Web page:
Facebook has made changes to its organic newsfeed algorithm, and most Facebook Pages have seen a significant drop in views and engagement with each post.  As a result, many have had to resort to boosting or advertising those same posts to reach the same people they use to reach. 

Google takes this a step further.  You can advertise your Google+ Posts to virtually the entire Internet.  Why only reach those people you should already be reaching, when you can advertise to everyone that matches your target audience across any number of websites. 

“But the media says no one is using Google+.  They just signed up, circled a few people and then never go back.”  Recent data and surveys would say this is not true.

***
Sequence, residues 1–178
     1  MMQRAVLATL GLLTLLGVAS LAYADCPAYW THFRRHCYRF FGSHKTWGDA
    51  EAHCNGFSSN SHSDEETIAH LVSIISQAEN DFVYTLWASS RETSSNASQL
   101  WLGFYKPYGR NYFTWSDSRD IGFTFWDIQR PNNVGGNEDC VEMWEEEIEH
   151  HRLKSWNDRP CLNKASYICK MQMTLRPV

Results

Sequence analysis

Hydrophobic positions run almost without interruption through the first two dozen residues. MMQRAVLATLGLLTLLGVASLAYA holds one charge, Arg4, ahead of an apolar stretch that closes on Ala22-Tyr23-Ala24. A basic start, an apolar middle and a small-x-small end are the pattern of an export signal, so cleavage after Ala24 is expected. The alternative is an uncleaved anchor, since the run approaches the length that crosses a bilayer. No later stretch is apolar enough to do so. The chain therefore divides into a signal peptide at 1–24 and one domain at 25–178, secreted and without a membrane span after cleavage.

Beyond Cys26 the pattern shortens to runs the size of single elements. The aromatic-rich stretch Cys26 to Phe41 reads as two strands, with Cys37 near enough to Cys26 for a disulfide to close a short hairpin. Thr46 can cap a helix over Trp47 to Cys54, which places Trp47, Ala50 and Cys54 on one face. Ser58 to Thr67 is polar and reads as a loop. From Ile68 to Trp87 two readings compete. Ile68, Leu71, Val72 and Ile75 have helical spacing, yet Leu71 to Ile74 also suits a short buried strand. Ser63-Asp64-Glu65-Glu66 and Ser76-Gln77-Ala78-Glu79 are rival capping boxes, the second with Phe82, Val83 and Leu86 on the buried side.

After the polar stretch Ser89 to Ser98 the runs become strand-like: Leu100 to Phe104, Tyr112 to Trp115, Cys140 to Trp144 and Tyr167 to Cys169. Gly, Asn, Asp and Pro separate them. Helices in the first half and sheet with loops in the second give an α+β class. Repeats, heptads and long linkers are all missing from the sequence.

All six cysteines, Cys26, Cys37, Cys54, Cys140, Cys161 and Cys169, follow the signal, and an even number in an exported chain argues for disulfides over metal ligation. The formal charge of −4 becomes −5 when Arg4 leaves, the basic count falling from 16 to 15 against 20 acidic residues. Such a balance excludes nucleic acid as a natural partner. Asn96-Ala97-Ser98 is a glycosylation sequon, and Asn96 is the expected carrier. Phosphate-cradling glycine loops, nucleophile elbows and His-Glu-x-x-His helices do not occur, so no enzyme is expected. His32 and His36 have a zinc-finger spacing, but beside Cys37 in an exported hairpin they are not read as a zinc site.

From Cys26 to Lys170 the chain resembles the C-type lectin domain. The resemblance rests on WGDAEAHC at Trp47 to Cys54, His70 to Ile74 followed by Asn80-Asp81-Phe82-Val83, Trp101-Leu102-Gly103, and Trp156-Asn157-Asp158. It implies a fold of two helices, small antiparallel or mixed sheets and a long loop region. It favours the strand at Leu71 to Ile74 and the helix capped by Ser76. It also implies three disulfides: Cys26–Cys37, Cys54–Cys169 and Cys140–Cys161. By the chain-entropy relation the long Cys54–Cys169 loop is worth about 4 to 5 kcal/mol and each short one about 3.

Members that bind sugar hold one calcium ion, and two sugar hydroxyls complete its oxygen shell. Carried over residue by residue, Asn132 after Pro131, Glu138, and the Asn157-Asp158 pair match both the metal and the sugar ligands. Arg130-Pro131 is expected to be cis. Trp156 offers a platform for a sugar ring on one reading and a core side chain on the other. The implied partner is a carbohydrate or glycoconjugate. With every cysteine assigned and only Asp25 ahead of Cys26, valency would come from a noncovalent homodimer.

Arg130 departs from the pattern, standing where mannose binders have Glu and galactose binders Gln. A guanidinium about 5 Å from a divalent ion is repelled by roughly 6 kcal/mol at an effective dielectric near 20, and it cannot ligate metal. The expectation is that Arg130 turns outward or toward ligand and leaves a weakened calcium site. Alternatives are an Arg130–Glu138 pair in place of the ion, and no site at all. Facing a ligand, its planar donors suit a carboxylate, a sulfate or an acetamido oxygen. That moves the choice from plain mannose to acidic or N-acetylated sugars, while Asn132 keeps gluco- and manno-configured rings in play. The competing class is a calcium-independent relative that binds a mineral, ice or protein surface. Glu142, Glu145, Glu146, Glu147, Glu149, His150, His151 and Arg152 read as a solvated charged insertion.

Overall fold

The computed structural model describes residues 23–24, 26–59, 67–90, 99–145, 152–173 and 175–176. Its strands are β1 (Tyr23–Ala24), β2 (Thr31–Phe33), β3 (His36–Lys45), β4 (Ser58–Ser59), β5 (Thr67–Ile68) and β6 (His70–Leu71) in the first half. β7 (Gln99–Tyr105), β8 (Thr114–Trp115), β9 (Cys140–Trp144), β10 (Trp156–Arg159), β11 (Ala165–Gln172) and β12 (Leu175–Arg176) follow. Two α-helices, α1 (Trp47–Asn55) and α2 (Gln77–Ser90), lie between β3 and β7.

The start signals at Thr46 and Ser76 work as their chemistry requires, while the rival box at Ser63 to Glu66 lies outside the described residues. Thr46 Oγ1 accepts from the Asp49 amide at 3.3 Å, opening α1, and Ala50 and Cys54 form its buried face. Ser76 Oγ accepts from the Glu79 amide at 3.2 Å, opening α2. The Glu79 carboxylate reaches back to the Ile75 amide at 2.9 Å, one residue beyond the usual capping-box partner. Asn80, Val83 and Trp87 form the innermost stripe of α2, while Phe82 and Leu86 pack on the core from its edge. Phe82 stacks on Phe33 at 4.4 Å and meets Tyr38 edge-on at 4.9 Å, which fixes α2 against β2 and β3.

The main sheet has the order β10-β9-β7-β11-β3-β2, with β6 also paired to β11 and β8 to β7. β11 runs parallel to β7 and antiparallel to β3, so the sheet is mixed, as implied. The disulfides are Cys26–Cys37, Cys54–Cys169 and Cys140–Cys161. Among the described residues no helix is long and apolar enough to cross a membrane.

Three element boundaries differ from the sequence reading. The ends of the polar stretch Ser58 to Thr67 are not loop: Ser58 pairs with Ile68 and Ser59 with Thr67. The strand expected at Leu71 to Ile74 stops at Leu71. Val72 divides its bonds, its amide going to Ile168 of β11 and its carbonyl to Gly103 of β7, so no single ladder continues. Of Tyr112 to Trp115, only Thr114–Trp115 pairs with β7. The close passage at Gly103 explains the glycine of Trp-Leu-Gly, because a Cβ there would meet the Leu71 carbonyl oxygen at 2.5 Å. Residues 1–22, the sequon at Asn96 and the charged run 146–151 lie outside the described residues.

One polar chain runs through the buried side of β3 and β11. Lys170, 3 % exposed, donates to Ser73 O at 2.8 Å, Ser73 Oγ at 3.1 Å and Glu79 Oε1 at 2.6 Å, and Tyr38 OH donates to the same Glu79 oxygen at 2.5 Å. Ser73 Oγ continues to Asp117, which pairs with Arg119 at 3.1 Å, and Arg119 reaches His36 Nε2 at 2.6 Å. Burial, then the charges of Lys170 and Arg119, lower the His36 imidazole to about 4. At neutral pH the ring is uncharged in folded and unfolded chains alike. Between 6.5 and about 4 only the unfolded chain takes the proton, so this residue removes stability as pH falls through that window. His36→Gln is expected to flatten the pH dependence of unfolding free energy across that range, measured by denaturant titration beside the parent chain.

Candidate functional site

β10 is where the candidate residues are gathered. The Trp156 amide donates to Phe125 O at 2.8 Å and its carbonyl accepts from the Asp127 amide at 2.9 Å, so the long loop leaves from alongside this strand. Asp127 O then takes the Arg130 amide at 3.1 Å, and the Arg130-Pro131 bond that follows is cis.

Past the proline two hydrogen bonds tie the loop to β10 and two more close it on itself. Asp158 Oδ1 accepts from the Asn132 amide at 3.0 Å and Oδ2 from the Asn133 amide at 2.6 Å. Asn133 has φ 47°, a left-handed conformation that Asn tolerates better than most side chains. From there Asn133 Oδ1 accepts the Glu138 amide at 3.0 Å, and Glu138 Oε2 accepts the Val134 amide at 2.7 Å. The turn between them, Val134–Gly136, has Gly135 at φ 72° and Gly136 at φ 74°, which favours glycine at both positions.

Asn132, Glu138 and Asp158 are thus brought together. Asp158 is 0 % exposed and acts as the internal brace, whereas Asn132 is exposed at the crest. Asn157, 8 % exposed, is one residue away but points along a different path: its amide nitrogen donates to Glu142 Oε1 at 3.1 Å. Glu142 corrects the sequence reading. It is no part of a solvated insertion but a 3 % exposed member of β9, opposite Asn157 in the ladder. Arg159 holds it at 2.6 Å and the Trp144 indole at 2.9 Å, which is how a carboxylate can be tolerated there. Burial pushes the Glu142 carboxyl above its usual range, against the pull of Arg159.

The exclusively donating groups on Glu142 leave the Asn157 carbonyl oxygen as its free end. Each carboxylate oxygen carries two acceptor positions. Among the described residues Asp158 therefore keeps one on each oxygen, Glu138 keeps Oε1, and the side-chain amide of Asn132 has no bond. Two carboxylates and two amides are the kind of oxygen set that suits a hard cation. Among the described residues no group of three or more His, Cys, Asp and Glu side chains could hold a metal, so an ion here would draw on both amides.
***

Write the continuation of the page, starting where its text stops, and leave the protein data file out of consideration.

But even if it was true, with Google+ you can still reach the people that have circled you when they do searches on Google.  Google gives personalized search results to every single logged in person that does a search.  So even if everyone followed you and then left, never to return to their Google+ newsfeeds, they could still potentially see your content when performing searches related to your recent posts on Google+.

So what is the future of Google+?  Only Google knows, but from everything actual Google employees are agreeing to, it's not shutting down, thousands of employees are not moving away, and things are continuing to grow.  You should probably jump on the bandwagon before your competitors leave you in the dust.